A stochastic model for the rapid emergence of specific vertebrate immunity incorporating horizontal transfer of systems enabling duplication and combinational diversification.

Journal of theoretical biology

PubMedID: 9735271

Marchalonis JJ, Schluter SF. A stochastic model for the rapid emergence of specific vertebrate immunity incorporating horizontal transfer of systems enabling duplication and combinational diversification. J Theor Biol. 1998;193(3):429-44.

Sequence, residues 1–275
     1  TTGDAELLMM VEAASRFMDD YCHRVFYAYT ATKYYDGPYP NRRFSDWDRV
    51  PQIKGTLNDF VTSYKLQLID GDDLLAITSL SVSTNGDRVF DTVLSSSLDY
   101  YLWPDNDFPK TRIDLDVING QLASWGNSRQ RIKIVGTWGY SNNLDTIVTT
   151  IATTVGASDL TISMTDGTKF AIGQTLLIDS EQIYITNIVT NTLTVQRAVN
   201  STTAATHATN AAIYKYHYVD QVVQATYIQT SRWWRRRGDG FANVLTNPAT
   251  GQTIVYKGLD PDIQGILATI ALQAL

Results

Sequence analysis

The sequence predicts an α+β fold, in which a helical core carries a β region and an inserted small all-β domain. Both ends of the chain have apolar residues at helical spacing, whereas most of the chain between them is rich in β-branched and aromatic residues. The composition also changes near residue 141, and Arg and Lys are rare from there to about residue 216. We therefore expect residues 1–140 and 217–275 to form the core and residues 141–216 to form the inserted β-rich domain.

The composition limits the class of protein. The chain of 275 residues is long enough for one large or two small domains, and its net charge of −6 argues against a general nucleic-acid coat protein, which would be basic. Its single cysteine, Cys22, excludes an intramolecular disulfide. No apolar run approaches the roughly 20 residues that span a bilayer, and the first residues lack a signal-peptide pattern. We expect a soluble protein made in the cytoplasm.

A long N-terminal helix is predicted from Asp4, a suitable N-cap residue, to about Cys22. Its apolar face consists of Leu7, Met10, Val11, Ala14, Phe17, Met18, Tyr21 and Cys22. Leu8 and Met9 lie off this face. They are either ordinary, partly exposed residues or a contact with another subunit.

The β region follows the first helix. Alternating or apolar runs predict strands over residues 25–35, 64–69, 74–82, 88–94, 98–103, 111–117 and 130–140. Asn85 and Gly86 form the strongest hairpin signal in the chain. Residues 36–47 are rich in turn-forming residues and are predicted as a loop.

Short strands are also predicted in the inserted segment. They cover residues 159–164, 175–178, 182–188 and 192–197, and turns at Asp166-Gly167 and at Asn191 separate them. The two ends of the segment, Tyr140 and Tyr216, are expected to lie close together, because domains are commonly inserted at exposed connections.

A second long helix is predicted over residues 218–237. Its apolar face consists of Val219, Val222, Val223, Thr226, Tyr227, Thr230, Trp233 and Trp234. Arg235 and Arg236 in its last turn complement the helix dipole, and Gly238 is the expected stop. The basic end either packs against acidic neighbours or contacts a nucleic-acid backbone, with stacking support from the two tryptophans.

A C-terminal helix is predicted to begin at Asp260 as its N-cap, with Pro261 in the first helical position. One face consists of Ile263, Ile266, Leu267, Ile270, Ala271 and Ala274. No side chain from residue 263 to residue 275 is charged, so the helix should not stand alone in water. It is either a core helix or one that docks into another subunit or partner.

Recent molecular data indicate that the antigen-specific combinatorial immune response is restricted to jawed vertebrates where it is found in representatives of all class from cartilagenous fishes to mammals. Here, we analyse the relatively rapid emergence of the combinatorial system terms of three stochastic process, with the system reaching essentially full capacity in immunoglobulin recognition elements and diversification and recombination of gene segments in an evolutionary span of time of less than 20 million years. The mechanisms for inducibility were coopted from ancient and widely spread processes in phylogeny for regulation of cell division. The proposed process of formation entailed the evolution of unknown ancestral genes into those specifying bona fide immunoglobulin domains, and the generation of multiple copies of these via a series of events facilitated by horizontal transfer of site-specific recombinases and recombination signal sequences most probably from microbial and fungal sources. The second process is one of rapid "decay" (evolution) which occurred in about 10 million year under stringent selective conditions to generate proper conserved canonical sequences. The third process is that of the long term evolution of these characteristic immunoglobulin domains over the 450 million years since their emergence. As a first approximation the rates of these three processes were computed using first order differential equations. The rate of formation has a magnitude of 10-7 substitutions per site per year, and that of rapid modifications is 10-8 substitutions per site per year. The long term rate of immunoglobulin evolution is comparable to that of other moderately conserved proteins, (1-3) x 10-9 substitutions per site per year). This model is testable by searching for "footprints" of microbial and fungal DNA processing enzymes and recombination mechanisms. The hypothesis raises the general concept that horizontal transfer of genes facilitating rearrangement and duplication can catalyse major steps of macroevolution.